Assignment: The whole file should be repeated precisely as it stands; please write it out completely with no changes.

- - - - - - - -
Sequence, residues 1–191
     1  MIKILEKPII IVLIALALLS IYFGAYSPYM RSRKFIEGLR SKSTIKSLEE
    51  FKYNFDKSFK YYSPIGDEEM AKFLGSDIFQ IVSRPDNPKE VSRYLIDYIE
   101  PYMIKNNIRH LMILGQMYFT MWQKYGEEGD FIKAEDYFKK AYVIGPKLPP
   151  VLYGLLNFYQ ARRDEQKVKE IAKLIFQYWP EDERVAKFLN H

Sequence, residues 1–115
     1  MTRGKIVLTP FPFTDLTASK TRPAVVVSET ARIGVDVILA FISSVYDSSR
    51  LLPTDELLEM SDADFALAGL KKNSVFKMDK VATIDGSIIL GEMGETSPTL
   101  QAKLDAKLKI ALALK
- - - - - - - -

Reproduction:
Sequence, residues 1–191
     1  MIKILEKPII IVLIALALLS IYFGAYSPYM RSRKFIEGLR SKSTIKSLEE
    51  FKYNFDKSFK YYSPIGDEEM AKFLGSDIFQ IVSRPDNPKE VSRYLIDYIE
   101  PYMIKNNIRH LMILGQMYFT MWQKYGEEGD FIKAEDYFKK AYVIGPKLPP
   151  VLYGLLNFYQ ARRDEQKVKE IAKLIFQYWP EDERVAKFLN H

Sequence, residues 1–115
     1  MTRGKIVLTP FPFTDLTASK TRPAVVVSET ARIGVDVILA FISSVYDSSR
    51  LLPTDELLEM SDADFALAGL KKNSVFKMDK VATIDGSIIL GEMGETSPTL
   101  QAKLDAKLKI ALALK